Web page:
Tuesday, December 16, 2008

Friends On The Scene

We are pleased to announce that our friend, documentary filmmaker Dominque Keller as launched a new blog aimed at collecting the stories of young women coming to grips with the various and conflicting legacies of feminism.

We are very interested to see how her project unfolds and encourage one and all to visit her site:

Sunday, December 14, 2008

Heath Ledger, Best Supporting Actor

Warner Bros. is apparently pushing to Heath Ledger for a Best Supporting Actor nomination. At first we were looking forward to such a thing, viewing it has an apology for not winning one for Brokeback Mountain. However, watching the way that critics have started to rally around the film has put it in a different perspective. Now it seems that the push is not so much to honour Ledger, who died back in January just as promotions for the movie began, lending an air of tradgedy to his portayal of the Joker, but rather to give legitimacy to movies based on comic books as serious films. By extension, this legitimacy would extend to comic books themselves.

It seems about right that we are going through this cultural acceptance of comic books and graphic novels. Other genres, like the Western, have been through it as well. The successes of movies like Unforgiven and Brokeback Mountain came decades after the genre was pioneered in the 1920s and 1930s. 

In a larger perspective, this is perhaps signalling the momentum of the cultural shift that we have talked about elsewhere, i.e. as members of those generations raised in the primarily visual medium of television, movies, and yes comic books, mature to become cultural producers, they seek to validate the myths that they grew up with.

We'll write more about this in a few days. 

Thursday, December 11, 2008

Okkervil River

Hiphop and electronica figure prominently on our year end lists, but let's not forget our unabashed love of sweet rock n' roll. The Islands may be quirky goodness, but Austin's Okkervil River gives it straight up. Aside from some stellar songwriting, the band also has it's own peculiar sense of humour, as witnessed with their videos for their new album The Stand-Ins, made up exclusively of footage of their friends re-recording covers of all the songs. All of the videos are available on YouTube, and include the likes of A.C. Newman (shown here).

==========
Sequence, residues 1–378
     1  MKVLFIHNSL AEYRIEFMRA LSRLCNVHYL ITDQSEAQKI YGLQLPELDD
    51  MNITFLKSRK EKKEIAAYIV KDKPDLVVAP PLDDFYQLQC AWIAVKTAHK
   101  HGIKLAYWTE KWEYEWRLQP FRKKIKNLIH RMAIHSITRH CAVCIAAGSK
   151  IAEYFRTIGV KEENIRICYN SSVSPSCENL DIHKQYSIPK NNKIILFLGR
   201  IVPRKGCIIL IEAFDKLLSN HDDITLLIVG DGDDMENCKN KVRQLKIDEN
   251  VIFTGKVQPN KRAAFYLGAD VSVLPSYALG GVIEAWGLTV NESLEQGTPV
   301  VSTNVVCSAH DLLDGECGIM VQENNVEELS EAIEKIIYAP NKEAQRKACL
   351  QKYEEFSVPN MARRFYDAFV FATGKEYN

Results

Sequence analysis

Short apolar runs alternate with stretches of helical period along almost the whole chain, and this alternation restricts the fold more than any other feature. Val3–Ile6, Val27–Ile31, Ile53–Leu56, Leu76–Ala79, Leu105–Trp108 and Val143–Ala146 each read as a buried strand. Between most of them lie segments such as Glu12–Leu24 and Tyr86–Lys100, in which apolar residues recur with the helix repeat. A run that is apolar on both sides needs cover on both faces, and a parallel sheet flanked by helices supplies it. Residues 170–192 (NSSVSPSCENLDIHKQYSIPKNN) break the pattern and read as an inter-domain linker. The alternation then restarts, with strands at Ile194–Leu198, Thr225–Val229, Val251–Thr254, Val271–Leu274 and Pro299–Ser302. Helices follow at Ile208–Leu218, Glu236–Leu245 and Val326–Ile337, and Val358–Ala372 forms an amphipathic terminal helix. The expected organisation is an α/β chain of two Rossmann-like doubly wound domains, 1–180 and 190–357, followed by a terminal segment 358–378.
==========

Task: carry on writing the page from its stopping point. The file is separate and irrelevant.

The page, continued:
Not to be outdone, Tokyo Police Club, with their album Elephant Shell, has also been filling our sweet tooth musical cravings.

Wednesday, December 10, 2008

What's Playing In Our Office

Remember when we argued that Obama represented the end of the 1960s? It seems like Washington, D.C.'s Fort Knox Five collective felt that this year's election was an opportunity to wind the clock back with booty-shaking results.

Speaking of sonic time-travel, we've also been giving Portishead's latest album, with more than a nod to 1960s style psychedelia, heavy rotation of late:

While the Fort Knox Five record seemed to presage a mood change in the nation's capital, it put us in our mind to revisit the Beastie Boys' own love letter to their home town on the post-9/11 To The Five Boroughs.

Monday, December 08, 2008

Music Update

Here are some YouTube clips of what's been on our stereo lately, starting with something off of the stellar Herbaliser album, Same As It Never Was:

We've also been spinning Cadence Weapon's Afterparty Babies pretty heavy too:

Saturday, December 06, 2008

Sean Avery, we thank you, really